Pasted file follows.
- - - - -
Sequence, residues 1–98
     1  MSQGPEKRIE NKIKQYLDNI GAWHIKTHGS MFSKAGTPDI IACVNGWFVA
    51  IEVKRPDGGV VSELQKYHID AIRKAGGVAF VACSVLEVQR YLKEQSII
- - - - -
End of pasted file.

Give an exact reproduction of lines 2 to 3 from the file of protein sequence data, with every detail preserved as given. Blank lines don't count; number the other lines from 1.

     1  MSQGPEKRIE NKIKQYLDNI GAWHIKTHGS MFSKAGTPDI IACVNGWFVA
    51  IEVKRPDGGV VSELQKYHID AIRKAGGVAF VACSVLEVQR YLKEQSII